Is there a healthier way of grilling than you use right now? Or can you make some changes to your grilling method to make it safer and healthier?
Is there a healthier way of grilling than you use right now? Or can you make some changes to your grilling method to make it safer and healthier?

For years, health experts have regarded grilling as one of the safest ways to prepare food, since the fat drips away during cooking. You also don't get extra calories in the form of excess oils or heavy sauces. 

But is there a healthier way of grilling than you use right now? Or can you make some changes to your grilling method to make it safer and healthier?

Start with a clean grill

Often, the leftover charcoal from last time or char buildup from burning charcoal sticks to the grill. This can transfer to your food if you do not clean the grill properly before preparing food. 

Clean your grill with a wire brush. Then, use a cloth or newspaper to wipe the grill down completely. Doing this will make sure that there are no bristles from the grill-cleaning brush on the grill. 

Before you grill, make sure your grill is clean and does not have any signs of char from the last time you used it.

Watch for open flame

When you expose poultry or protein-rich foods to open flame, heterocyclic amines are produced. If fat drips and burns on the grill, it creates smoke containing polycyclic aromatic hydrocarbons. 

Both of these chemicals are associated with certain types of cancers. You should reduce the open flame and smoke formation to eliminate your risk of developing these cancers. Some ways to do this are: 

  • Cook for a long time at a low temperature. 
  • Use foil with holes to line the grill. 
  • Fill a spray bottle with water. Use it to manage any flare-ups.

Marinate your food

If you marinate your food for some time before grilling it, you can prevent the formation of many cancer-causing chemicals. Some people like to make their own marinade recipes. They not only improve the food's taste but also keep the grilling method safe. 

If you prefer using bottled marinades instead, opt for something that does not have too much salt. Most marinades also contain flavonoids. These compounds lower the formation of cancer-causing agents and reduce the risks posed by char. 

If you want to use the marinade to baste the meat on the grill, set aside a small amount before you marinate the meat. 

Don't use the same liquid in which you marinate the meat. The raw juices from the marinade will mix with your cooked food. That's always a recipe for disaster. 


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Avoid cross-contamination

Cross-contamination takes place when you let cooked and uncooked food mix. The bacteria from uncooked meat or other food items can be passed on to cooked items. Keep your prepared foods away from raw meat. 

Use different cutting boards for both and handle them with separate utensils. Make sure to wash your hands when you are working with these ingredients. You should also wash your utensils and tools to rule out the risk of contamination.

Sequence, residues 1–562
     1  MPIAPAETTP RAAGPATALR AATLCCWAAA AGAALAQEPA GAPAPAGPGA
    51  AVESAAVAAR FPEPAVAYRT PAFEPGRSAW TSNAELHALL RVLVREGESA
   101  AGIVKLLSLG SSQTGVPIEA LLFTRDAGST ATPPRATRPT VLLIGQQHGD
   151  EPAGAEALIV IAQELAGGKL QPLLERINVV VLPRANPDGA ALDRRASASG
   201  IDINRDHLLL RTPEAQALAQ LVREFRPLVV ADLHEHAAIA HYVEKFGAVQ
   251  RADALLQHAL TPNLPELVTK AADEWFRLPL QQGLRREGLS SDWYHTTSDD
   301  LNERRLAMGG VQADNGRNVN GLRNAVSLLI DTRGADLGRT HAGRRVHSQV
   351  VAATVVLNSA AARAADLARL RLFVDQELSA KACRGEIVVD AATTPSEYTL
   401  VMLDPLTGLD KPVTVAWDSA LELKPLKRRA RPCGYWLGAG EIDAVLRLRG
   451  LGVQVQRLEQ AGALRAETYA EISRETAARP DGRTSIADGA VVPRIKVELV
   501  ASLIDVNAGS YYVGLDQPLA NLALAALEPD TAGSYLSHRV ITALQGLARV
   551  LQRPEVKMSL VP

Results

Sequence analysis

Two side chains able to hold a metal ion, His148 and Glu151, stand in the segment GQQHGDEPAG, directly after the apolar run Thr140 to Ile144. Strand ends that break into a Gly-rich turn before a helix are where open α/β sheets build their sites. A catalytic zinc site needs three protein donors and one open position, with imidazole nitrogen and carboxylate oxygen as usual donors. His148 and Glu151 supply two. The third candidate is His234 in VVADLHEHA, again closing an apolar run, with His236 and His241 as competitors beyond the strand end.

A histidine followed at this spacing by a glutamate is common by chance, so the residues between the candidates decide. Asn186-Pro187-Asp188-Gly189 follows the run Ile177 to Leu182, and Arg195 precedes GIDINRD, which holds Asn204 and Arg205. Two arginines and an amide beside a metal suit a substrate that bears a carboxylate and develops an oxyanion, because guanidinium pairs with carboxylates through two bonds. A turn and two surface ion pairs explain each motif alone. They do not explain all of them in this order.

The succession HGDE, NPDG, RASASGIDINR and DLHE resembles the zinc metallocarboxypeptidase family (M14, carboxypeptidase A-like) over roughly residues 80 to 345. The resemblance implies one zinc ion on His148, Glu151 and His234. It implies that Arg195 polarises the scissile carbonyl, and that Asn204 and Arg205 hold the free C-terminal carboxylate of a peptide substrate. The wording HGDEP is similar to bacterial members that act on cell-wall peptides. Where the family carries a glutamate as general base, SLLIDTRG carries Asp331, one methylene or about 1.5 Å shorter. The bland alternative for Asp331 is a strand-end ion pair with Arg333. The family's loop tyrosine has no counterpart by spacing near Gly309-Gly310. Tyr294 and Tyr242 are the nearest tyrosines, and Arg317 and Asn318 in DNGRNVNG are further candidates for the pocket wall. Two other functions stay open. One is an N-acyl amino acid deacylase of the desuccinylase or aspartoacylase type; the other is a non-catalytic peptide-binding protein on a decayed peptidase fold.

Grill your fruits and veggies

The most common ingredient on the grilling menu is meat. But it doesn't have to be. You can also grill vegetables and fruits. When you grill fresh produce, it gets an interesting flavor and texture. 

For example, you can cut zucchini into thin or thick strips as you prefer. Spray some olive oil on them. Sprinkle black pepper and oregano for taste. Then, grill the strips and enjoy with whatever side you prefer.

Grill to a safe temperature

Using the right grilling temperature is the key to preventing food-borne diseases. Undercooked meat and vegetables can make you sick, especially with food poisoning. You should cook your food at safe grilling temperatures to avoid this. 

  • Poultry: 165 F
  • Beef and Pork: 160 F
  • Steak: 145 F
  • Fish and Seafood: 145 F

Prevent charring

Every healthy grilling method involves getting rid of the char or preventing it in the first place. Char contains certain chemicals called heterocyclic amines or HCAs. These chemicals are mutagenic. It means they cause mutations or changes in your DNA and can lead to certain cancers. 

Many studies have shown that these chemicals increase the risk of stomach, breast, pancreatic, colon, and prostate cancer. In some cases, the risk is as high as 60%. 

Some meats, like hot dogs and sausages, have additional risks since they contain nitrites and nitrates. These chemicals allow the food to have a longer shelf life. But when they are cooked at high temperatures, they turn into nitrosamines. These are carcinogens or cancer-causing agents. 

You should cook your food at a low temperature but for a longer time to prevent the creation of these harmful chemicals.


According to the USDA, there is no difference between a “portion” and a “serving.” See Answer

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Medically Reviewed on 11/17/2021

Data Brief: "Dataset on improved nutritional quality and safety of grilled marinated and unmarinated ruminant meat using novel unfiltered beer-based marinades."

Harvard Health Publishing: "5 tips for healthy grilling."

Mayo Clinic Health System: "Advice for safe and healthy grilling."

National Cancer Institute: "Chemicals in Meat Cooked at High Temperatures and Cancer Risk."